Memory  /  First Person

Scars and Stripes

Philadelphia gave America its flag, along with other enduring icons of nationhood. But for many, the red, white and blue banner embodies a legacy of injustice.

Patriotism rooted in exclusion

Encountering the flag that Key, a onetime slaveholder, celebrated unsettled me. Even as prominently as it waves over Fort McHenry, it is not a universal symbol. The third stanza of his poem, intending to honor the flag flying over Baltimore Harbor, is an admission that his world included enslaved men: “No refuge could save the hireling and slave, from the terror of flight, or the gloom of the grave: And the star-spangled banner in triumph doth wave, O'er the land of the free and the home of the brave.”

Key divided Americans between the free and the unfree. And among British forces, as he noted, were members of the British Corps of Colonial Marines, formerly enslaved men brought on to help defeat the U.S. Key saw the War of 1812 as, in part, a conflict between formerly enslaved men and American slaveholders. Likely his sympathies rested with the latter, and Key’s America did not include those held in bondage. This makes his anthem controversial still in our own time.

With that backstory embedded in its lyrics, Key’s anthem and the flag it sought to honor share a symbolic potency that has endured over two centuries. They both carry the power to divide and to unite us.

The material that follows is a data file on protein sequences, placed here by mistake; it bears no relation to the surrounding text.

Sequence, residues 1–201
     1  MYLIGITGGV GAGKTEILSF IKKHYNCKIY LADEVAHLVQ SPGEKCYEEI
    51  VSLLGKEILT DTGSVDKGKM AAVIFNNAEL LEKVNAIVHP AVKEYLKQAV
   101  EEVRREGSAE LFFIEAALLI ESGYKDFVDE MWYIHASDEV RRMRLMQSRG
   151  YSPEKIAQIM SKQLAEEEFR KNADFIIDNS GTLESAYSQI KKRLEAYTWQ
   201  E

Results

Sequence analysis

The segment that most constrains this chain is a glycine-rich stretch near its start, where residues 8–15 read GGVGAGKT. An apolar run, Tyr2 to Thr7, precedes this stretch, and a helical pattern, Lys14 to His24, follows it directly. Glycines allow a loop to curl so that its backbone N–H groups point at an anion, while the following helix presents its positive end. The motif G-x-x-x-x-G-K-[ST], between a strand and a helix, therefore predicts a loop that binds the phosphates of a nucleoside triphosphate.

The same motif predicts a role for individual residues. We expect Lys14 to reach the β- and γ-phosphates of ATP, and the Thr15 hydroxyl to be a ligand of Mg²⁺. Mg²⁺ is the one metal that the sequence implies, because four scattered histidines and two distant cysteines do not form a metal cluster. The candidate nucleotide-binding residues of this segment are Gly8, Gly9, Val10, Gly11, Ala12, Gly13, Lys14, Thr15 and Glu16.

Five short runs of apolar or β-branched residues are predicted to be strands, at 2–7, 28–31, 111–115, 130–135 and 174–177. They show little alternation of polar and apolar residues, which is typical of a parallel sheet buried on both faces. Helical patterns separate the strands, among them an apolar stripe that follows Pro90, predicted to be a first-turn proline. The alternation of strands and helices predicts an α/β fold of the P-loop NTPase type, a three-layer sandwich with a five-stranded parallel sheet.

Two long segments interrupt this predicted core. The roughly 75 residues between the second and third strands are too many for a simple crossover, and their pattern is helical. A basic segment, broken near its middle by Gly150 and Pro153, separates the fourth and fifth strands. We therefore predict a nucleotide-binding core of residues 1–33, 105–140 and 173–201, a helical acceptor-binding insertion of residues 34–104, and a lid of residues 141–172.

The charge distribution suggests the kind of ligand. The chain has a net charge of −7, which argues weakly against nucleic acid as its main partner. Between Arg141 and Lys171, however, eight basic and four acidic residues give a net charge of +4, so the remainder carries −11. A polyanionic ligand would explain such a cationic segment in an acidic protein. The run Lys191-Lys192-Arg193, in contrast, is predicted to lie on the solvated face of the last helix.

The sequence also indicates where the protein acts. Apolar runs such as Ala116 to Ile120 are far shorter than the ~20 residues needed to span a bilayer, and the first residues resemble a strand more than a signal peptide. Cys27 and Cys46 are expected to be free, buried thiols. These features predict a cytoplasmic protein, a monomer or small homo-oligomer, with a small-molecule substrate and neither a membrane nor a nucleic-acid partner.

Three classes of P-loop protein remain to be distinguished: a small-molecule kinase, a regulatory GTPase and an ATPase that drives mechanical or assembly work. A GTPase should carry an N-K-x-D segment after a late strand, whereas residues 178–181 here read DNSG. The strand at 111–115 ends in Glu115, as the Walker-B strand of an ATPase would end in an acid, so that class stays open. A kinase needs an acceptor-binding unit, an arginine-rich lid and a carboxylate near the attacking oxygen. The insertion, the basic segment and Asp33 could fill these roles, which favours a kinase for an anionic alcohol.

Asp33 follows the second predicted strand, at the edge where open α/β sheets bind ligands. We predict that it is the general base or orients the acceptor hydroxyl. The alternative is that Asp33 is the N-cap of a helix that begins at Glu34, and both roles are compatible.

Like some other Black Americans, I live with a sense that the American flag might not be mine, that too often it stands for a patriotism rooted in exclusion rather than in hope for the inclusive, interracial democracy that my forebears struggled for. That I struggle for today. I recalled the American flags in my own home. One is faded and frayed, saved from among my mother’s things. For her, the flag added a touch of decorative Americana to a home where the garden was her truest pride. My second flag is pristine, preserved in plastic after being bestowed to me by a local VFW detail at the graveside of my father, a Black veteran of the World War II Navy. I safekeep these flags as mementos, but I do not fly them.

Still, the flag’s story is part of my own. As a schoolchild, I held my right hand over my heart and pledged to the flag each morning, until opposition to the war in Vietnam led some of us to stand in silence.